The chapter is short and appears to be based on news reports (I have no idea how it was constructed actually so this is speculation based on what was included). That’s a shame because the Ventura reporter that did the last story that was specifically called out in the book, did a bad job. I hate that series of articles more than anything that’s ever been written. The reporter forgot a whole child – my dad’s other son. She made stuff up. She exploited a man who was exonerated and managed to trash him all over again so his grand kids learned things they didn’t need to know. She got details about the killer wrong and she never once worked to fix anything in her fiction-filled story. The fact this book points to that set of articles without confirming accuracy is perpetuating the hurt it caused years ago. It’s a horrendous mistake.
The information shared about Janelle Cruz is unnecessary.
The book is super uneven. You can tell when Michelle tapped something she was interested in. Debbie Domingo had a really good relationship with Michelle and it shows. Her story is full-bodied, maybe with too much personal information about her relationship with her mom, but that was up to Debbie to share and she reports she feels really good about what was written. That’s awesome. But in the case of Janelle, the information about her past was not shared by the family and feels a lot like victim shaming. I know that wasn’t the intent, but when we are dealing with something so incredibly fragile, this is a line that has to be clearly defined. As I understand it, Michelle didn’t get to finish this section personally. I believe Michelle was committed to protecting and representing the victims in the most positive ways. Alas, she wasn’t able to put her seal of approval on this section. ALL OF US had complex, imperfect families with lots of gossipy intrigue and drama. Stop a minute and imagine if your family’s story was put into print! Life is messy and it’s how we survive and endure that’s our legacy.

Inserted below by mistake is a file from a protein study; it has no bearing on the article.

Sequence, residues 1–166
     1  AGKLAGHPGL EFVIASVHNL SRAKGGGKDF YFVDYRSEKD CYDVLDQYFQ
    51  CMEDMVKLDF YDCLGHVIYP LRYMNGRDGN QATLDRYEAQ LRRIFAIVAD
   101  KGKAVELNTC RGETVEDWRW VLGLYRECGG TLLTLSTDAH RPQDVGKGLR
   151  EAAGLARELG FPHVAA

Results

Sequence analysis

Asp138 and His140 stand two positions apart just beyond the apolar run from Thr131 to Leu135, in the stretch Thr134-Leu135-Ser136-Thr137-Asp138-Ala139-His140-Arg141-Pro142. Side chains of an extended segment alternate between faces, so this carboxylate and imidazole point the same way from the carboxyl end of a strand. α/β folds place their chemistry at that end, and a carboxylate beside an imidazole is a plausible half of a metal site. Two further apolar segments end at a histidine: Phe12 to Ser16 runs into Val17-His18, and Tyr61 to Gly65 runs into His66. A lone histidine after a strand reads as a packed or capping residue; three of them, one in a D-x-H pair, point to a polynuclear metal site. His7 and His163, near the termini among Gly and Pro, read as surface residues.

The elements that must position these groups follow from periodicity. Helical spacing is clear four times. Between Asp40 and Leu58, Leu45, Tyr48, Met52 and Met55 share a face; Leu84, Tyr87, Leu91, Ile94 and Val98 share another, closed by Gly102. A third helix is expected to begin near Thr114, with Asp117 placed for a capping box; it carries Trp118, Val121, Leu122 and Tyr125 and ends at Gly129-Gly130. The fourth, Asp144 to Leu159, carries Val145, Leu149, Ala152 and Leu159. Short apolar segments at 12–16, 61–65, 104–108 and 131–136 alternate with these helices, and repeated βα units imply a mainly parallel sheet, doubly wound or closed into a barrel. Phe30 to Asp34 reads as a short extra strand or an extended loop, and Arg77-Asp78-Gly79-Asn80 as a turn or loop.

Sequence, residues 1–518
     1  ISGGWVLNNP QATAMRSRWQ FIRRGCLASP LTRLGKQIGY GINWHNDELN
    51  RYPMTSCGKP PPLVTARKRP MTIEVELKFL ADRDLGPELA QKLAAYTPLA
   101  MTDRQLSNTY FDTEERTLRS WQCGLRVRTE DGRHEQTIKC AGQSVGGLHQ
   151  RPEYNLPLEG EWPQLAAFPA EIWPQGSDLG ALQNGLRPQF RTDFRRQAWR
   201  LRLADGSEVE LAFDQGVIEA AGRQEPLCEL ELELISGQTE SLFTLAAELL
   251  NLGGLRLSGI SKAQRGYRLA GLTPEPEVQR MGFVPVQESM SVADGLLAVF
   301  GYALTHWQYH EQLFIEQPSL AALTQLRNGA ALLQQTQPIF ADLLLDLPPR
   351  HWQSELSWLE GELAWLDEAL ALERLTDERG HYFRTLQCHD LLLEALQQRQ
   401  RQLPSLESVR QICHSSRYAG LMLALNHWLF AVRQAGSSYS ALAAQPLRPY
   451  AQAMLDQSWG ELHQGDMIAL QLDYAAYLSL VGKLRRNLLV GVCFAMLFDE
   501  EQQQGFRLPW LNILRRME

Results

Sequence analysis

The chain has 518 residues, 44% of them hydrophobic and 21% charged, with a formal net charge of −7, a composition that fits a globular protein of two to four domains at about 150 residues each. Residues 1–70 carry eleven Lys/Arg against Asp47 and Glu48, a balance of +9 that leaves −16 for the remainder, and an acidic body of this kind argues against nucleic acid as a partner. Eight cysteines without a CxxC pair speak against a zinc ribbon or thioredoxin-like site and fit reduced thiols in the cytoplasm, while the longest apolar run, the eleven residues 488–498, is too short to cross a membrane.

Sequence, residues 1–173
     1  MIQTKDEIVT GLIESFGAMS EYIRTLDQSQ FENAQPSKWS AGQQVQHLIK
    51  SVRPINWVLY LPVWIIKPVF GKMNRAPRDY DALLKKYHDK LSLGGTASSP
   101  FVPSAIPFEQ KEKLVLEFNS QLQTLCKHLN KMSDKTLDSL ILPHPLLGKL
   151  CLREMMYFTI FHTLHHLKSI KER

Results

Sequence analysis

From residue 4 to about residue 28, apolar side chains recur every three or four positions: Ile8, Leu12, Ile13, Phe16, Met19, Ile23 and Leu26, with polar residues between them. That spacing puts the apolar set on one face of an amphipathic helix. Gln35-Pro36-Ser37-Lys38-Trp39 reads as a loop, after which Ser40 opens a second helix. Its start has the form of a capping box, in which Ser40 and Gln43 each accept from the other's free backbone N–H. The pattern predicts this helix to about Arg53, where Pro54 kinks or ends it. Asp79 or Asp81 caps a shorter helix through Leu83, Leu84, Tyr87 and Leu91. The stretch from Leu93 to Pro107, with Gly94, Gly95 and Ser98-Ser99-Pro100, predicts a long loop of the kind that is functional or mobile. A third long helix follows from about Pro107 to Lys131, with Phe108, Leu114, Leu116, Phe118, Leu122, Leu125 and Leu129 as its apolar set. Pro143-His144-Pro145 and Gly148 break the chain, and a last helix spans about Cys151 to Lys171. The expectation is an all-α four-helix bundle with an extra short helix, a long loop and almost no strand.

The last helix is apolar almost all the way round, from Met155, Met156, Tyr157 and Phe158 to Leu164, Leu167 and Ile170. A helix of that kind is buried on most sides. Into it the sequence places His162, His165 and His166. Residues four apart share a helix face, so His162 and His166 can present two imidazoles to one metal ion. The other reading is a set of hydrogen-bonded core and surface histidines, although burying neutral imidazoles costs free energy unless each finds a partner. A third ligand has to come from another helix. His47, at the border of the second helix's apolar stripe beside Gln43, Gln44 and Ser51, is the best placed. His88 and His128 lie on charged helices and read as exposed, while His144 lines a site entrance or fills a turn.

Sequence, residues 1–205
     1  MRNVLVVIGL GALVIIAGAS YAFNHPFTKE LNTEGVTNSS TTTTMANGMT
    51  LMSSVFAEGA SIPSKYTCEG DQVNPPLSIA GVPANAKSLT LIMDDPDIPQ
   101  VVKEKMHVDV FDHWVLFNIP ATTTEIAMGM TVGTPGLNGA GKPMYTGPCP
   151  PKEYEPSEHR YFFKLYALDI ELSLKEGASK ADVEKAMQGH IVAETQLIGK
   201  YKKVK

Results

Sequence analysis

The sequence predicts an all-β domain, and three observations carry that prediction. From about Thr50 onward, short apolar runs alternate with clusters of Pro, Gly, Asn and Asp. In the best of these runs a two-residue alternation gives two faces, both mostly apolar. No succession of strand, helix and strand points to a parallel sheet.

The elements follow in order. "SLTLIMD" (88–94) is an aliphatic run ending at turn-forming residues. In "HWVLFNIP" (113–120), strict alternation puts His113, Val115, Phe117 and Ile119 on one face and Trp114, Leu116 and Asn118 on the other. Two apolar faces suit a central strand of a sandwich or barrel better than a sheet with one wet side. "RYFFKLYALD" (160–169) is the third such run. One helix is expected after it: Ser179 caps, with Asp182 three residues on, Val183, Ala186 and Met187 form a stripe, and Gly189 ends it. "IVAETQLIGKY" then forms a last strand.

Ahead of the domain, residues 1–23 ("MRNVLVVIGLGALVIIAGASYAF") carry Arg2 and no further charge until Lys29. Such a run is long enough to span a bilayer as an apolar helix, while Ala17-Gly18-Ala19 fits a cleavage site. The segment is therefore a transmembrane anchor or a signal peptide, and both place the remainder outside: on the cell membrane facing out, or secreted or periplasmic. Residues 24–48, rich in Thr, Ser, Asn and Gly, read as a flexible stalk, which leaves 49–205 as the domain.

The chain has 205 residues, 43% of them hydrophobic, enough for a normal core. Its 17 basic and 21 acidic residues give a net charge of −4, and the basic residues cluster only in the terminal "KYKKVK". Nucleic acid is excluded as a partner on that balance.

I hate the name Golden State Killer.
I resent that Michelle named him. I resent she named him something that diminishes the scope of the crimes he committed – rapes, ransacking, terror, brutality, kidnapping, pedophilia, assault, theft – the list goes on. I resent that she had no standing in this case – as either a victim or law enforcement – and because she wrote a damn book, her name sticks. It’s a shame. I love the Golden State. I love the Golden State Warriors. I hate that Cavs fans call Warrior players, the Golden State Killer, because it’s so much more than an insult. It’s disgusting. I get it. They guy had so many monikers. But really, when it’s all said and done, he’s the East Area Rapist. Sure there’s the Visalia Ransaker, but to my way of thinking, that name isn’t toxic enough.
I’m kind of over men telling our story.